Q.: My husband and I are trying to retire but did not manage to save enough to supplement our Social Security pensions. We have three small IRAs, but they will not last long enough.
We are contemplating obtaining a reverse mortgage on our home. It is worth about $300,000, and we have a line of credit on it of about $49,000, which would be deducted from the amount of the reverse mortgage.
Is this a wise choice for us? I am 67, and my husband is 72. We would need to use only $20,000 a year from this mortgage to afford us the quality of life to which we are accustomed. Please advise us on this matter, as we find your advice to others very wise. – P.D., via email
A.: You are considering a reverse mortgage net of about $250,000 ($300,000, minus the $49,000 line of credit), which would probably give you no more than $125,000 on the reverse mortgage. That would give you about $20,000 a year for perhaps eight years, considering the interest on the investment. Then what? That's the problem. A reverse mortgage could be a short-term solution, but it's not a long-term one.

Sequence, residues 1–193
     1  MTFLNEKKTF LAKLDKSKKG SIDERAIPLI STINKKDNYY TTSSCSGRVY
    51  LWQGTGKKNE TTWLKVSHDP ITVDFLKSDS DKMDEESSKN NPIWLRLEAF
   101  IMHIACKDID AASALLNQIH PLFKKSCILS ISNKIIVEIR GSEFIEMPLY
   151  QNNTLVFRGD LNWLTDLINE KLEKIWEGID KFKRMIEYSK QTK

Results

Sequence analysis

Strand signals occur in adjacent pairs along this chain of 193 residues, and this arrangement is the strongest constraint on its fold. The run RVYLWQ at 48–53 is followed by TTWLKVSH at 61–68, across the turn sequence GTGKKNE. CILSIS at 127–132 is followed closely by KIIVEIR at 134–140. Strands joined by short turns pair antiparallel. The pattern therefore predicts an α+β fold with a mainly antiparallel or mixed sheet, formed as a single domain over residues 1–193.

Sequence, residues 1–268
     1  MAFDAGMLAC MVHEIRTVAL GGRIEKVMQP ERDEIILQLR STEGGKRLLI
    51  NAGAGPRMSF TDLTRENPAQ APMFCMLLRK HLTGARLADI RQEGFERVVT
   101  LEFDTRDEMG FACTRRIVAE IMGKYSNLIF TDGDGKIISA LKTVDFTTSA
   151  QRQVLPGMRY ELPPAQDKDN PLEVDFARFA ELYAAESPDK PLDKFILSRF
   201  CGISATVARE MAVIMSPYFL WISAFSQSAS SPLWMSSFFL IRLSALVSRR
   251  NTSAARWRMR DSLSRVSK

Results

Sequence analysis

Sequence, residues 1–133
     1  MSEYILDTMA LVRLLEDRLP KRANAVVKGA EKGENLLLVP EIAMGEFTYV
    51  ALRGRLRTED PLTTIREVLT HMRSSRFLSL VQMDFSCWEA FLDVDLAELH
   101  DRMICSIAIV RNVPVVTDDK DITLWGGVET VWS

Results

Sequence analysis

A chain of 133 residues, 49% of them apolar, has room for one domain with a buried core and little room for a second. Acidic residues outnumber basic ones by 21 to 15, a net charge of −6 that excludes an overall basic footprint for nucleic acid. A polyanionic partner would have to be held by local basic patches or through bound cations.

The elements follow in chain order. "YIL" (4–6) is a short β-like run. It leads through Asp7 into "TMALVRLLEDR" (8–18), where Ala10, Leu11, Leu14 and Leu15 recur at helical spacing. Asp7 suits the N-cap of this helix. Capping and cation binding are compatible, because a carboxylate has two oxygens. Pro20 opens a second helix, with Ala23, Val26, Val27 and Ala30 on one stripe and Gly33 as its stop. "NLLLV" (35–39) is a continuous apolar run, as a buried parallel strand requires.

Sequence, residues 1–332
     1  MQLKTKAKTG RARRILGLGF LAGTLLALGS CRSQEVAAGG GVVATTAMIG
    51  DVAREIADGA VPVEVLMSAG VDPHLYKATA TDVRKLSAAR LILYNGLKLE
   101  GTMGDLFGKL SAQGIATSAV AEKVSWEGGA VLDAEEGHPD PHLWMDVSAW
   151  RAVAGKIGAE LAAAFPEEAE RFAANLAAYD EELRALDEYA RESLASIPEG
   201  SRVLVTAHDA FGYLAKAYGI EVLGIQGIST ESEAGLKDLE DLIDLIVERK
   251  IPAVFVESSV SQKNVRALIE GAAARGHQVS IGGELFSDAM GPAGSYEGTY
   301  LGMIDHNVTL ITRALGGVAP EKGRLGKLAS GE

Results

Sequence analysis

Another option would be to sell the house, rent a place instead and walk out with $250,000. Invested at 7 percent, this could give you $15,000 to $18,000 a year income without attacking principal. While you may not be happy about selling the house, it seems to me that now would be the time to unload it and invest the money. This might change your style of living, but wouldn't it be better to consider that now than to take the reverse mortgage, dissipate the money and then be out of options?
For a lot of people, a reverse mortgage is a good answer, but I don't think